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  • July 11, 2014 - Reflections

    By Jean S. Horner
    The other day while walking down a corridor in a public building, I saw what appeared to be someone walking toward me. On coming closer, I found it was my own reflection in a huge mirror. For a moment it frightened me. Somehow a full-length reflection of one’s self is a startling thing. ...


Daily Boost


September 3, 2012 - Interruptions

By Elva M. Johnson

Most of us live such busy lives that unexpected delays, a cancelled reservation, or other minor interruptions in our precision-planned days tend to irritate us to the point where we cannot possibly see any good in them. But interruptions, whether cataclysmic or trifling, may actually be a part of God’s overall plan for us. The Bible is full of stories of the most unlikely sorts of interruptions, which were actually opportunities in disguise.

The jealous brothers of Joseph interrupted his life quite drastically when they sold him into slavery. Joseph found himself a slave in Potiphar’s house and eventually imprisoned. But though the route to his success led through a dungeon, Joseph’s attitude toward every interruption was expressed years later to his brothers: “So now, it was not you that sent me hither, but God” (Genesis 45:8, KJV).

Isaiah’s life was painfully interrupted by the death of the king whom he greatly admired. But the interruption proved fruitful, for later Isaiah testified that “in the year that king Uzziah died I saw also the Lord” (Isaiah 6:1). An interruption of this sort often removes a prop we are hardly aware of, and brings a new revelation of God to us.

The number of interruptions in the life and ministry of Jesus was simply amazing, but because He turned each of them into an opportunity, we scarcely recognize them as interruptions.

He was teaching in a synagogue when, in the course of His message, a man with a need so great he could not keep still suddenly cried out. And Jesus delivered him out of his trouble (Mark 1:21-28).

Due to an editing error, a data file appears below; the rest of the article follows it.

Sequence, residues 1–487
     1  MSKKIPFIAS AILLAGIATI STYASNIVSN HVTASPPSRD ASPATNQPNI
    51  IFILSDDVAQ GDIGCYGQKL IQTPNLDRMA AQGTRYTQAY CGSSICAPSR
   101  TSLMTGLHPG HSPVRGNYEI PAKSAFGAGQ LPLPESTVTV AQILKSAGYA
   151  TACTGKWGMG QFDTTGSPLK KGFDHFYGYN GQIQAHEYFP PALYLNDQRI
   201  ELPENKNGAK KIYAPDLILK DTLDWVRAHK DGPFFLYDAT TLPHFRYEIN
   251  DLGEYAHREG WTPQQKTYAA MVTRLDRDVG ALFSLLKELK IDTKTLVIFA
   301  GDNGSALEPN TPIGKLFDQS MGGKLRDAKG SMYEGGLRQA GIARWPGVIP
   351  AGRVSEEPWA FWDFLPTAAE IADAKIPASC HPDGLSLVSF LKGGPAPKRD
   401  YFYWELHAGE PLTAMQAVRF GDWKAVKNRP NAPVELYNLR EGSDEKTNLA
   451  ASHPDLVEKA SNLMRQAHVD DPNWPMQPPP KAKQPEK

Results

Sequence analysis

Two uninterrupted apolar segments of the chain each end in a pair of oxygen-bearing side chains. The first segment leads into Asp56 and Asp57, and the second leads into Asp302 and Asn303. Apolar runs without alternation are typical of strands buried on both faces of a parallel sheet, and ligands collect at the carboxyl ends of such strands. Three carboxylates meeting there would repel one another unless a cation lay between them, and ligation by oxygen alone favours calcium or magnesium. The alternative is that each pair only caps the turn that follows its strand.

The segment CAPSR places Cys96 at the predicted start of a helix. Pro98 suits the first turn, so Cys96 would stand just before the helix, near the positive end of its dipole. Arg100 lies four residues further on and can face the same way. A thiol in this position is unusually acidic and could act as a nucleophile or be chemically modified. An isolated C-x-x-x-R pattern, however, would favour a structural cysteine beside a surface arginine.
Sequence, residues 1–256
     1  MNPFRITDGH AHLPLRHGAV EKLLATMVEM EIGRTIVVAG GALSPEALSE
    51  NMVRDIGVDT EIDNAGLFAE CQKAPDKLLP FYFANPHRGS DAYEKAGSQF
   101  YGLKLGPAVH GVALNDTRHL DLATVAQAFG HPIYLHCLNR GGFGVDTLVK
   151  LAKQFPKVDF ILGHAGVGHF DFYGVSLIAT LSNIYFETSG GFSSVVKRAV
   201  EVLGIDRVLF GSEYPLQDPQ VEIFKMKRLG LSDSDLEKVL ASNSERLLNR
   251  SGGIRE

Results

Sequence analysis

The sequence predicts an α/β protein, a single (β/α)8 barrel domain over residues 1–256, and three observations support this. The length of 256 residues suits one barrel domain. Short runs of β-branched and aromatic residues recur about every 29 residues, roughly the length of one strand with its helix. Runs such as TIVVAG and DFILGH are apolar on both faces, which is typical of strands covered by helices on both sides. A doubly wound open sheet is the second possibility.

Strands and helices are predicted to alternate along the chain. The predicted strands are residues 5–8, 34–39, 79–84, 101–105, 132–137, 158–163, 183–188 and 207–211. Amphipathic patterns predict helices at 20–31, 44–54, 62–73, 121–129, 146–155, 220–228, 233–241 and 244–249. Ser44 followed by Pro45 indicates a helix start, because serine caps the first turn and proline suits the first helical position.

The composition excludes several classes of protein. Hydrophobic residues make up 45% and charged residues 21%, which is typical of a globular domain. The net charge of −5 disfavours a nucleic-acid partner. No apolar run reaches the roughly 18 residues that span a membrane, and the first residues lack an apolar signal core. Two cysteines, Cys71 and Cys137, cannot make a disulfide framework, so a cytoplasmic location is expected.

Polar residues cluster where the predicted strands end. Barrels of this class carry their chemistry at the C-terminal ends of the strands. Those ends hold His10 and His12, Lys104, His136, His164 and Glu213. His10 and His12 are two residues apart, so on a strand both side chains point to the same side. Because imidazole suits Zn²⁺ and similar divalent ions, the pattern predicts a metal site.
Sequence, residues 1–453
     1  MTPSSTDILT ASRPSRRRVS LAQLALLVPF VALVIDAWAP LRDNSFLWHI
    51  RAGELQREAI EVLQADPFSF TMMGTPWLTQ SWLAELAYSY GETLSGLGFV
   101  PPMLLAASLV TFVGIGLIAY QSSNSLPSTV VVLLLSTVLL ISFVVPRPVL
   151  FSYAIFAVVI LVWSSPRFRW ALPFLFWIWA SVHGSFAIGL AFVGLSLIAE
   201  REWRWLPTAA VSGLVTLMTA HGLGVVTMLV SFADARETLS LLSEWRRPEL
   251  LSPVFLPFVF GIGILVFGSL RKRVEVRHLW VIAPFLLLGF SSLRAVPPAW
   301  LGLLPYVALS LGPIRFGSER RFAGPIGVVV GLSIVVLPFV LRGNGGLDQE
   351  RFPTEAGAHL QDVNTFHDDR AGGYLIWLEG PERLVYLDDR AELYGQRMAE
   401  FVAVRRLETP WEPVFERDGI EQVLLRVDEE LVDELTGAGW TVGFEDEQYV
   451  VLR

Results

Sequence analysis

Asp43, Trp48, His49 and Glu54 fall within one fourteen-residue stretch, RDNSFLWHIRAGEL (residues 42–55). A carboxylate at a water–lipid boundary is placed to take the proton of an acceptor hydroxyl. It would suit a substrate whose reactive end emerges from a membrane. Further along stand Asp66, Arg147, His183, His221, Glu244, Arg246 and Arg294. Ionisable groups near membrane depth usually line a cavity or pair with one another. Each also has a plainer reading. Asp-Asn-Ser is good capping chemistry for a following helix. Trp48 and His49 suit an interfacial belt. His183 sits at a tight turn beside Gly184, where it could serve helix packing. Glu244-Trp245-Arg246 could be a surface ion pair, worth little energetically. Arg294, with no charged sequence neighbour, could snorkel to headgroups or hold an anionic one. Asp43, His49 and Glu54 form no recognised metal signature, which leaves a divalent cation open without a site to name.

A few days later, He was preaching the Word to a packed house when the roof was actually lifted off and a sick man was let down before Jesus. Quite an interruption! But He saved and healed the man (Mark 2:1-12).

Jesus interrupted other lives, too, and they were the richer for it. He interrupted a despondent fisherman as he washed his nets beside the sea after a night of fruitless toil. Then He took him out to catch his greatest haul of fish where fish were not supposed to be (Luke 5:1-11). That interruption started Peter on a new career.

A Samaritan woman, bent on the monotonous task of drawing a daily supply of water from an ancient well, was interrupted by a weary Jew who asked for a drink of water. After she recovered from the shock of the interruption, she accepted His offer of Living Water and shared the news with her village (John 4:1-42).

Time after time, Paul endured persecution and imprisonment, which were calculated to interrupt the spread of the gospel, but he could joyfully report that “the things which happened unto me have fallen out rather unto the furtherance of the gospel” (Philippians 1:12).

That God has used almost every conceivable kind of interruption to forward his work as a whole, as well as in individual lives, should encourage us to consider their possible significance when they happen to us. Let us accept even the small daily interruptions as opportunities for victorious living and the development of patience. Such an attitude will discipline us to recognize the larger interruptions allowed by our loving Heavenly Father as part of His continuous plan for our lives and for His kingdom.

— Adapted from “Interruptions” by Elva M. Johnson, originally published in the July 19, 1959, Pentecostal Evangel.




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